NASCAR Sprint Cup: 2016 Season Review Part 2

Tamhas Woods

In the Sprint Cup, the bookmakers’ favourites were stealing the show, but the summer of 2016 would prove that even the likes of Jimmie Johnson and reigning champion Kyle Busch are prone to off-days.

The latter, in particular, endured a torrid start to the summer period of the 2016 Sprint Cup, respectively scoring 31st and 40th place in Pocono and Michigan. Capitalising on the champion’s failings in Pocono was none other than his own brother, Kurt Busch, who stormed home with a determined performance to book his place in the playoffs.

Of those in genuine title contention, Joey Logano was notable for being winless as the race weekend in Michigan dawned. Having secured a hat trick of Contender Round wins in the autumn of 2015, Joey Logano’s odds for glory shortened drastically, before an controversial (but legal) shunt from Matt Kenseth deprived him of further progress.

Joey Logano - runner up in Sprint Cup
It took Logano a while to win his first race, but it was worth the wait. C.Hayes (CC BY-SA 2.0)

In 2016, early indications showed that Logano would take a significant amount of time to recover his form. Yet, a lower downforce on a circuit notable for pace worked in Logano’s favour, with his strong reflexes eliminating much of the competition en-route to victory lane.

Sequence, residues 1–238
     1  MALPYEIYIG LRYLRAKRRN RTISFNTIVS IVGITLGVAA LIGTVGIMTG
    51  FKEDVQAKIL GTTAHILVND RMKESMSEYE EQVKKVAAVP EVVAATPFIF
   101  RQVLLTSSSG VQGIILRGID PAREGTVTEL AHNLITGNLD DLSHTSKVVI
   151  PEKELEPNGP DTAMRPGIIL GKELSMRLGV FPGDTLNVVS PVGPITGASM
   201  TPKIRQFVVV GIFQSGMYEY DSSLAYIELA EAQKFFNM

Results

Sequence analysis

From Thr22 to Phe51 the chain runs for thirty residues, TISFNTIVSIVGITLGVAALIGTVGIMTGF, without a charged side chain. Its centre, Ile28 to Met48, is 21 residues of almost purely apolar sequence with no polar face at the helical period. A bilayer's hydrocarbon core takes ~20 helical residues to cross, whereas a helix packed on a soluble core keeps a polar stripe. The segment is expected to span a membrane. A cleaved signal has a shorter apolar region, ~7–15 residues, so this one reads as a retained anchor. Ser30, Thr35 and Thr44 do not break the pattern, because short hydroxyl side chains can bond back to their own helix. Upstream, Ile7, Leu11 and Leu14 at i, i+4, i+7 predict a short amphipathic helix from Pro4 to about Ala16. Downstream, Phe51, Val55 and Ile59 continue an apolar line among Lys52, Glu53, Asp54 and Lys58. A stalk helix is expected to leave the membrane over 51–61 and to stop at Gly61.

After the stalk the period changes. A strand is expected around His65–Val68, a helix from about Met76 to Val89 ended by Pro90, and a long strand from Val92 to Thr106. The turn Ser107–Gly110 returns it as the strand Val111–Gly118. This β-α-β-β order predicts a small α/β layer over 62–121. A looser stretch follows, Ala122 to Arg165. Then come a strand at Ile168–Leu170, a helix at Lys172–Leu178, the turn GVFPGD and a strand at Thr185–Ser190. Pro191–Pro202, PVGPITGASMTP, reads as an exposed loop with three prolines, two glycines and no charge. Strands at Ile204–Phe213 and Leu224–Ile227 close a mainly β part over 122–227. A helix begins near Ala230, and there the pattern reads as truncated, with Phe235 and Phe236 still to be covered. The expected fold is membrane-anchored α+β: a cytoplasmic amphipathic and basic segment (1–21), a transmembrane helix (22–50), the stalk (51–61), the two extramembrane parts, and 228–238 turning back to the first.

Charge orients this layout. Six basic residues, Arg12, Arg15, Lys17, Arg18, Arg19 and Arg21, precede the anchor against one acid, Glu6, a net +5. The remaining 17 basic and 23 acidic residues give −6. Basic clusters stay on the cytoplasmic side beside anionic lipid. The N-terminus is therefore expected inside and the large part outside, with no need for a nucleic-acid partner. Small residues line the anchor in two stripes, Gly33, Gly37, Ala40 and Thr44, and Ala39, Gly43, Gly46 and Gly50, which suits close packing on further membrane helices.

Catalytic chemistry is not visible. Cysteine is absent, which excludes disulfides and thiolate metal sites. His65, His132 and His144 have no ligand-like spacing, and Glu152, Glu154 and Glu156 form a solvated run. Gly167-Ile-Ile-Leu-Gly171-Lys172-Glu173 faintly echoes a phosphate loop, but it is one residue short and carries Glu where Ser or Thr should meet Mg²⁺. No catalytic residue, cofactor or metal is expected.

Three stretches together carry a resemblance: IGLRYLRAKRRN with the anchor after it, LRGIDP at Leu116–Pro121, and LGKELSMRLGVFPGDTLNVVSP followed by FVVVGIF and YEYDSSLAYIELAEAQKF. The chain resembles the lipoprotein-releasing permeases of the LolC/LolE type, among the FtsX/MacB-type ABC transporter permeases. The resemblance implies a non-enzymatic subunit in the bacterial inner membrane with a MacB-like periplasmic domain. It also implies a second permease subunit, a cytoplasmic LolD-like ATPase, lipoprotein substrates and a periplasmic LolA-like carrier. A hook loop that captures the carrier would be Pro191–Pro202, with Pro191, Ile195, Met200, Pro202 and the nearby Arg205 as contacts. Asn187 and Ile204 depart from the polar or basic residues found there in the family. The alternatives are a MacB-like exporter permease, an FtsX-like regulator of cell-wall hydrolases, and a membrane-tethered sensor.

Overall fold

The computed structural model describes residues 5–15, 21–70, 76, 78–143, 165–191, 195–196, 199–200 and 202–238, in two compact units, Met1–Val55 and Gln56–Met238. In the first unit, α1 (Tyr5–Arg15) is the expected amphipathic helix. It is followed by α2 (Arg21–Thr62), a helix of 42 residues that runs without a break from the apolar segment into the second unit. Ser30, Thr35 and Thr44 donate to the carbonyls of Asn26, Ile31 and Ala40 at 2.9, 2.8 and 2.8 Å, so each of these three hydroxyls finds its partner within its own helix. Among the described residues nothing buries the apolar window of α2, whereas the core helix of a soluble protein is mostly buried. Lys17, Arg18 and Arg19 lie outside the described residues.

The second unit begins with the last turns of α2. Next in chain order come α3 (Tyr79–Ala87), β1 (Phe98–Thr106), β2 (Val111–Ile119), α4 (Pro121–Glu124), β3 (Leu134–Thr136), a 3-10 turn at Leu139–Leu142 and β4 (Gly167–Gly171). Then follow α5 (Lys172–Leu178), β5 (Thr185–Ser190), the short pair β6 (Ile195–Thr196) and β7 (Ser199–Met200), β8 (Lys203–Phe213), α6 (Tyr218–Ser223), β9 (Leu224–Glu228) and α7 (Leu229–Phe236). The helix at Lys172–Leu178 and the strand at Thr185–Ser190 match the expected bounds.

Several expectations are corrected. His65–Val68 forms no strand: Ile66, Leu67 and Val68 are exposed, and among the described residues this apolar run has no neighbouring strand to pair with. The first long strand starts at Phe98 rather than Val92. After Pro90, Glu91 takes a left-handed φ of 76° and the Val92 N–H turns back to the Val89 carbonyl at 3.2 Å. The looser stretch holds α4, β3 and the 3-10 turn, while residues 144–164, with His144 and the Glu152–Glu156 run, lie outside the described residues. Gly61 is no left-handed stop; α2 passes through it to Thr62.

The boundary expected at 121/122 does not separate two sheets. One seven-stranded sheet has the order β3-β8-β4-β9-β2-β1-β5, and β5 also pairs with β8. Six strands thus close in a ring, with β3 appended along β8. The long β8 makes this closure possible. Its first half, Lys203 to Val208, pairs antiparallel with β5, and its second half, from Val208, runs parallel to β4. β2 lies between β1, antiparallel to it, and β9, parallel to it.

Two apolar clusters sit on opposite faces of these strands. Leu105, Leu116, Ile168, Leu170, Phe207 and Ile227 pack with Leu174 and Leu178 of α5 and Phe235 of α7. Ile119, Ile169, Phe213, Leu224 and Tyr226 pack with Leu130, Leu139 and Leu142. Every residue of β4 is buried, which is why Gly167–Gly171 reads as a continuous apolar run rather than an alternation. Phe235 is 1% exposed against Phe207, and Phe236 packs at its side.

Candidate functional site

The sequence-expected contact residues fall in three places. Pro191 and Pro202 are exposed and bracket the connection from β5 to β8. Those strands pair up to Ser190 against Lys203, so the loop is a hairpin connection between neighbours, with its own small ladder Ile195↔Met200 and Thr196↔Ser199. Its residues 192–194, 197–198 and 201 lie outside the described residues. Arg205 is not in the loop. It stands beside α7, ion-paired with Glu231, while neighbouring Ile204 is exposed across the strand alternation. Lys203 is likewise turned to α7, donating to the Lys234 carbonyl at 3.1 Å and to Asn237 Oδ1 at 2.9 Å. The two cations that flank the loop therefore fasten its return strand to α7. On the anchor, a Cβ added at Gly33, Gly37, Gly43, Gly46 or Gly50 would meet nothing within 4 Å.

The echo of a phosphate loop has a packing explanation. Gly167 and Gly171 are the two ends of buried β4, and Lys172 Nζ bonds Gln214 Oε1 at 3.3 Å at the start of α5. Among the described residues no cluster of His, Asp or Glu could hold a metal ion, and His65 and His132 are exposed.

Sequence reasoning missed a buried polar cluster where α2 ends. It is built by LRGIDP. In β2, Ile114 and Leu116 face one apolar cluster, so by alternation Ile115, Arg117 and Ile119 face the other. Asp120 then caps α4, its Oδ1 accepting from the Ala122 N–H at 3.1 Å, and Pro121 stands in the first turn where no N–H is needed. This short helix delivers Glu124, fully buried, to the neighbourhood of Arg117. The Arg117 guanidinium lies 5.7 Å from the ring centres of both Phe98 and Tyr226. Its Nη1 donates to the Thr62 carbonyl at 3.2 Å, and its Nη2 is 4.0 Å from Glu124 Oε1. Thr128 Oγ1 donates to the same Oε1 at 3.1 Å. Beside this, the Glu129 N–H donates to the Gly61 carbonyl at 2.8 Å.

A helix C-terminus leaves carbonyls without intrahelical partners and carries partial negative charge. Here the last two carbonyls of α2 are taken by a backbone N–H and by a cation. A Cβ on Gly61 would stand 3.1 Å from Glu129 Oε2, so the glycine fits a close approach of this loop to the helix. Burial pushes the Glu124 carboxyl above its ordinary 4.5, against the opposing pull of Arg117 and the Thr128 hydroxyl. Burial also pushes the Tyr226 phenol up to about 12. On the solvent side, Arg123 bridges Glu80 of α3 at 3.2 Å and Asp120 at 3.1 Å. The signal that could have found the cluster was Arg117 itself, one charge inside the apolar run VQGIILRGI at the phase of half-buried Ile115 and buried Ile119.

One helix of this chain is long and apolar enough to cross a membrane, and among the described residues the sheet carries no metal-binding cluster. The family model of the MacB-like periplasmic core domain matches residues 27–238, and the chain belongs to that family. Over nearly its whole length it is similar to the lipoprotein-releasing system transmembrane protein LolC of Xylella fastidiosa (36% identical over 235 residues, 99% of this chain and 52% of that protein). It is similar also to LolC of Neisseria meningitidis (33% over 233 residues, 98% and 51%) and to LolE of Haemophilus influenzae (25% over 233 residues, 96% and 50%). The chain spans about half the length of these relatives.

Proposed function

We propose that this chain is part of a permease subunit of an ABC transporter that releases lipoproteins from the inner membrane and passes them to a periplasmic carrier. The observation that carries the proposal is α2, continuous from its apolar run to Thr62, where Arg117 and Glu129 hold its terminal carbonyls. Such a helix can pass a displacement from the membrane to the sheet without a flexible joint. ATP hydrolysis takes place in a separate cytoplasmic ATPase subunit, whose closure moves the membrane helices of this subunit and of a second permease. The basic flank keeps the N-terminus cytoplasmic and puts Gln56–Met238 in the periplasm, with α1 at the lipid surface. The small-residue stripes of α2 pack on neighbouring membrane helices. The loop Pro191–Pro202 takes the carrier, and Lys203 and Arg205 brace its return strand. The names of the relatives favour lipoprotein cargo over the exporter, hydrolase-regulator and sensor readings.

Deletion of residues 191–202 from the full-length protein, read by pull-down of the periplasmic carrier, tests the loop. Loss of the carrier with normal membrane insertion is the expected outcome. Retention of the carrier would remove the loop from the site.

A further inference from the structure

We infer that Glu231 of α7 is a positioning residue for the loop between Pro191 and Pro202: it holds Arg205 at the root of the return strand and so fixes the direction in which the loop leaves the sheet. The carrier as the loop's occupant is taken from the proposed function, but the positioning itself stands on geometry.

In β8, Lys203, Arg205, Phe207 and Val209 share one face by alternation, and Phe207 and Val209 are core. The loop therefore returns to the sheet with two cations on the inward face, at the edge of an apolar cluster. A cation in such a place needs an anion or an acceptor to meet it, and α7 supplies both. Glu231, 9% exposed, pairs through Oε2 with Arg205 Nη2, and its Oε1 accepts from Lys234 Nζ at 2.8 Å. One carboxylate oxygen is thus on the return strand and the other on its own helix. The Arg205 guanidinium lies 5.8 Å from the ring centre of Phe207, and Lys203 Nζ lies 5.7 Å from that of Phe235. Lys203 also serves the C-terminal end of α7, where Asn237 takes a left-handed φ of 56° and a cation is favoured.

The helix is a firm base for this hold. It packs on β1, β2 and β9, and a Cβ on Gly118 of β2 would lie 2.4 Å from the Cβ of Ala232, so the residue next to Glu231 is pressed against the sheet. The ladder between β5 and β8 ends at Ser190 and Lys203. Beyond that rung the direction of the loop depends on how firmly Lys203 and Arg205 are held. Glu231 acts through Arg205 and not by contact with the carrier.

Rookie driver Chase Elliott also finished second, in what remains his best finish to date.


The summer of 2015 was a true scorcher for Kyle Busch, whose championship win was aided in no small part by the unrivalled machinery of Joe Gibbs Racing. By contrast, this summer yielded just one win for the now-deposed champion.

The spring period of 2016 had delivered no major surprises, but the improvement of weather conditions appeared to drastically level the playing field. Following Logano’s win in Michigan, only one of the remaining nine summer races would be won by an eventual Sprint Cup finalist.


For three-time NASCAR champion Tony Stewart, the 2016 season was to be a stock car racing swansong, ending a trophy-laden professional career spanning more than two decades. Sadly, Stewart was to miss the first eight races of the season with a serious back injury.

His comeback was unremarkable, save for a top-six finish in Talladega on 1 May, but a truly inspirational moment for Stewart would occur in the very next race, at the Toyota/SaveMart 350 in Sonoma.

Tony Stewart won one Sprint Cup race after injury
Tony Stewart in the #14 car. Brian Neudorff (CC BY-SA 2.0)

Starting tenth on the grid, Stewart remained in contention throughout, but it was a late hole shot from a restart which gave him a sustained lead until the end. Only through years of experience can a driver exploit a restart with such composure, and Tony Stewart utilised every grain of wisdom from twenty professional racing years to score that memorable win.

A life affirming turn of events – but it was nothing compared to what would unfold later in the summer…


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